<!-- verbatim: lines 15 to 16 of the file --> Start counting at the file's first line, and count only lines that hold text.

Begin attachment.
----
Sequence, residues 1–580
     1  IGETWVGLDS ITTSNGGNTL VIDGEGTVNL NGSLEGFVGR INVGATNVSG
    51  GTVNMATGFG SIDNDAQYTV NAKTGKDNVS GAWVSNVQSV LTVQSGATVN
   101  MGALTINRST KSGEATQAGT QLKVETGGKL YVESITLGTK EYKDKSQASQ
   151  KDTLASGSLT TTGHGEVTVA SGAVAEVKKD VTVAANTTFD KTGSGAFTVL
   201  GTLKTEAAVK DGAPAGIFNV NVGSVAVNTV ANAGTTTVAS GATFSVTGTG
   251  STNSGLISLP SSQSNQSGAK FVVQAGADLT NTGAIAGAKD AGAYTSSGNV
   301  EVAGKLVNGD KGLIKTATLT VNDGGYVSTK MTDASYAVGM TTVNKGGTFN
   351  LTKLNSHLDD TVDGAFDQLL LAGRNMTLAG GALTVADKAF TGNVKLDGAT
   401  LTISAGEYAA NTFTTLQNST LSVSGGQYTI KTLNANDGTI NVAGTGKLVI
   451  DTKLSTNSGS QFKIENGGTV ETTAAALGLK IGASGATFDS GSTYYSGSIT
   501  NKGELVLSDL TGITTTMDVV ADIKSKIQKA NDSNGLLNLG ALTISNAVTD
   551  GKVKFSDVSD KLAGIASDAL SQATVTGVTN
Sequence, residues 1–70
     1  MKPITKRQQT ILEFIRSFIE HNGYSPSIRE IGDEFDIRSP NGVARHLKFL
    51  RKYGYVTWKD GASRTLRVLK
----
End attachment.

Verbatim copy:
     1  MKPITKRQQT ILEFIRSFIE HNGYSPSIRE IGDEFDIRSP NGVARHLKFL
    51  RKYGYVTWKD GASRTLRVLK